I really do mean call the cops and make a report. If someone wants to use violence as a tool, greater use of force is the only thing that they understand. I’ve had to deal with psychotic patients in community settings and it’s utterly remarkable how quickly they stop wanting to beat on their roommates and smash windows as soon as the police arrive. There’s just something about a tazer that makes most crazy people instantly polite and cooperative. I’ve also seen remarkable long term behavioral improvements after court appearances, dwarfing the effects of medications and other behavioral programming.

This simply isn’t a gender issue either. If you’re being hit, you’re being hit. The main difference between men and women being violent is when push really comes to shove, women have to weaponize or do it while the husband is sleeping. Not advising things here, just stating the obvious.

Should a situation become unsafe, start videoing them, dial 911 and defend yourself / get to as safe a location as you can. Your safety is always your priority over what happens to them when the police arrive. Violent people simply don’t stop using violence as a solution if it’s getting them what they want. They only become progressively more violent until you get greater force involved to stop them. This is why police, courts, laws and jails exist…so we don’t all get caught up in a game of He Dead, She Dead.

Or even more cynically in the vein of “screenshot or it didn’t happen”.

Make a police report or it didn’t happen.

Mr. Huckleberry never hit Fortios because no one said anything.

Catching up… New Zealand did make corporal punishment in schools illegal in 1984, so I got my caning… er… just in time.

As to Mr. Renyolds… I don’t know, I transfered to another high school for a fresh start for Seventh Form. Something I’m grateful to my parents for. I did hear a rumor that during that year one of the boys collected Mr. Renyolds with a one punch KO in the hall. Don’t know who did it… but thanks.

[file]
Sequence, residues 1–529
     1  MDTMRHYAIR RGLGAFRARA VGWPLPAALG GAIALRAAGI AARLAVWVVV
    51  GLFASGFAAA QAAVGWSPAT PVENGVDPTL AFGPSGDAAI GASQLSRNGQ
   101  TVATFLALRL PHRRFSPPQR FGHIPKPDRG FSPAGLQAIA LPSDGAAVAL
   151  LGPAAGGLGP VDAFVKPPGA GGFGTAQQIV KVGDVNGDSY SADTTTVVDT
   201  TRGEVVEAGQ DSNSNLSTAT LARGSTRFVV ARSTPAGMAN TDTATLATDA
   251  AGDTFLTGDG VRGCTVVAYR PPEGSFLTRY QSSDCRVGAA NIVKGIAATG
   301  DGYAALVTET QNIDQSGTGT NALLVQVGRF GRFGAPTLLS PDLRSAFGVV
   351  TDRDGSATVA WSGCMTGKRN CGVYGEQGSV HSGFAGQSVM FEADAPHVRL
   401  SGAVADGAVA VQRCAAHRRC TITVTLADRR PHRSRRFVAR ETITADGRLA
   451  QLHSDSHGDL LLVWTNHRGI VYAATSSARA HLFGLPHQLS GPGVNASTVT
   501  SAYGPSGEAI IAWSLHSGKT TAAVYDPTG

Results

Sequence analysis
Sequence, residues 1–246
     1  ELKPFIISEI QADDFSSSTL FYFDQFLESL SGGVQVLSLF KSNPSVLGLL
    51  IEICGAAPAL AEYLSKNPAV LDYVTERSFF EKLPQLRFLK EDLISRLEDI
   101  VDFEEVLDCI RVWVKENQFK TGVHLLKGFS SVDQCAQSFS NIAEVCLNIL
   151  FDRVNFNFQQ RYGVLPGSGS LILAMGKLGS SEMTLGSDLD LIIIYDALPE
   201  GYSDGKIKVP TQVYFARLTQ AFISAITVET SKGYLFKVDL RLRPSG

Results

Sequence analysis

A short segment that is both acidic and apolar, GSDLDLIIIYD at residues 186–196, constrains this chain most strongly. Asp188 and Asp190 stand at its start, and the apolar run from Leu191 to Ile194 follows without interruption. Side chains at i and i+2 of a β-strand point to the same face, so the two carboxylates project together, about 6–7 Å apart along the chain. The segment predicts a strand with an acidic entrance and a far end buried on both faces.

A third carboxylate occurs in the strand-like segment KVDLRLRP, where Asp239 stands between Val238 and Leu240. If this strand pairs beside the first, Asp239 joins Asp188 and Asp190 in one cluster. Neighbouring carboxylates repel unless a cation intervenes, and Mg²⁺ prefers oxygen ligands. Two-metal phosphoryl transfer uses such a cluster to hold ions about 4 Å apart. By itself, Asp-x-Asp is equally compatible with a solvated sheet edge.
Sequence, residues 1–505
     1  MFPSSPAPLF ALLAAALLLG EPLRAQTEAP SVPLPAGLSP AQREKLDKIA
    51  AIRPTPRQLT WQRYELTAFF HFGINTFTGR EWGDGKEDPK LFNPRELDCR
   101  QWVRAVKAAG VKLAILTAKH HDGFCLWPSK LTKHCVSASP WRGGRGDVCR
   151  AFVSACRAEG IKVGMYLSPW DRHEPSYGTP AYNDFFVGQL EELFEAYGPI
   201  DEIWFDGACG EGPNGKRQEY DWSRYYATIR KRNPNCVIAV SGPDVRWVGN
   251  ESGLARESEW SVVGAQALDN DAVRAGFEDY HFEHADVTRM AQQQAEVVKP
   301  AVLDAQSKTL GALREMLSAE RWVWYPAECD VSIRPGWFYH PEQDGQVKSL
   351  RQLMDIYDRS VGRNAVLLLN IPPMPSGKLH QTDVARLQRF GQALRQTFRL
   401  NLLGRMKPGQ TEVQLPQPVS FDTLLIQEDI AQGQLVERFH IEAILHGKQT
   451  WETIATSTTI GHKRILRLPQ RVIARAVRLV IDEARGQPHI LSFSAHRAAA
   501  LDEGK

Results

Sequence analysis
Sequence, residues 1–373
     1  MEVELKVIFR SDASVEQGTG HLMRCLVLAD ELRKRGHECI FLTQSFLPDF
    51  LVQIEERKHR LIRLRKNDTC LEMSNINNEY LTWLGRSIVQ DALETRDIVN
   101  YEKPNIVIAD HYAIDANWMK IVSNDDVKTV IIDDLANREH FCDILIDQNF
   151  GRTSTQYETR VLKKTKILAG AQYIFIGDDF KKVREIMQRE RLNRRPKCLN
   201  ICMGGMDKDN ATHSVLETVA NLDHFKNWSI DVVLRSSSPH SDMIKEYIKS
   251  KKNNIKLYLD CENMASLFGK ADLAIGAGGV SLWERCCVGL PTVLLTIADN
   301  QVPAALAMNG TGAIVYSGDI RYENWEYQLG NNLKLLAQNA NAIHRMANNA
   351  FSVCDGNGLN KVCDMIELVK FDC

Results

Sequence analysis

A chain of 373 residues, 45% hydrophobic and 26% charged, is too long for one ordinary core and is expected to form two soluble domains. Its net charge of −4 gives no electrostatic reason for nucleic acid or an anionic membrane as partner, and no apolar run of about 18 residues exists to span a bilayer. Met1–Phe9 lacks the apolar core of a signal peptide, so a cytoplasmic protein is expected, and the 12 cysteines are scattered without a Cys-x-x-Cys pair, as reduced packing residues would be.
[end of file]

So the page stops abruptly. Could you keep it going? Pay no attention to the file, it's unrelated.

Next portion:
1. Instead of rolling emerald hills and Hobbits, I now picture NZ as Detroit with an accent.

    And a complicated education system.

  2. This valuable lesson is one that my biological father taught me as well. He was always kind of an ass, and once I was old enough to understand much of anything, I could tell that he was more interested in making a lot of unreasonable requests and throwing temper tantrums than he was being a father. I put up with the yelling, mistreatment, and abuse of my mother, sister, and myself until I was around 12 yrs old. There was one particular day that he seemed to snap, and he broke my glasses, and was banging my head against the wall. He was more of a bully than a brute force, but I decided enough was enough, and I gave him everything I had. I ended up laying on the floor crying with blood gushing out of his nose, and that was the last time a hand was laid on anyone in my household. When he would yell at my mom I would stand between them and tell him if he wanted to yell at someone, he could yell at me, and he would always back away after that. The funny thing about the whole story, was we grew up in a small town, and our extended family owned some businesses, so we were fairly well known. I was also a 4.0 student, 3 sport athlete, so I was fairly well known…. He tried to press charges with the police, and the story got back that they told him it looked like he got what he deserved….

  3. Typo, he ended up laying on the floor crying, I walked away highly annoyed….

  4. bored guy says:

    I know this post is mostly about physical violence but I wonder can the advice be extended to emotional violence as well? For example, the bpd-like crazies who never let you relax, the next “wrong” thing you will do or say is always just around the corner. Would it be possible to let them have their own medicine by really embracing one’s sociopathic side (assuming it is strong enough) or something and stringing them along, deliberately doing what sets them off just to be a dick? Then after the fight begins, they assume you are sitting there all baffled by their silence and tricks while you just laugh silently at their predictable behavior. After make up, rinse and repeat. Randomly like they do.

  5. Have you seen the ridiculous nonsense the govt is peddling at

    They should call the page, “How to be a p*ssy and get the sh!t beaten out of you every day.”

  6. Fighting back solved all my problems back in Primary School, I just wish I did it more when I was in Secondary.

  7. Akatsukami says:

    Which is, of course, what “white knighting” is all about.

  8. misty's dad says:

    Bullies always pick soft, easy targets.

    The way to deal with a bully is to stop being passive. You may end up beaten down but you are no longer soft or easy.